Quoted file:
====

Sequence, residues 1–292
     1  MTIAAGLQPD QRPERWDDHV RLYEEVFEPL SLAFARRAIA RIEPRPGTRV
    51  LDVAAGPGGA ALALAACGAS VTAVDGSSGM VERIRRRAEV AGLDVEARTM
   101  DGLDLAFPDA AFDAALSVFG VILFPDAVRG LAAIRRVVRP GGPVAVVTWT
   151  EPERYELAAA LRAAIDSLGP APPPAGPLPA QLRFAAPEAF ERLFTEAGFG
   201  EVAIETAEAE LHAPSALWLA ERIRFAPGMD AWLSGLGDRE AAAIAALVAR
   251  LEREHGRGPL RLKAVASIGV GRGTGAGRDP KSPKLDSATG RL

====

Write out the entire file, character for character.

Sequence, residues 1–292
     1  MTIAAGLQPD QRPERWDDHV RLYEEVFEPL SLAFARRAIA RIEPRPGTRV
    51  LDVAAGPGGA ALALAACGAS VTAVDGSSGM VERIRRRAEV AGLDVEARTM
   101  DGLDLAFPDA AFDAALSVFG VILFPDAVRG LAAIRRVVRP GGPVAVVTWT
   151  EPERYELAAA LRAAIDSLGP APPPAGPLPA QLRFAAPEAF ERLFTEAGFG
   201  EVAIETAEAE LHAPSALWLA ERIRFAPGMD AWLSGLGDRE AAAIAALVAR
   251  LEREHGRGPL RLKAVASIGV GRGTGAGRDP KSPKLDSATG RL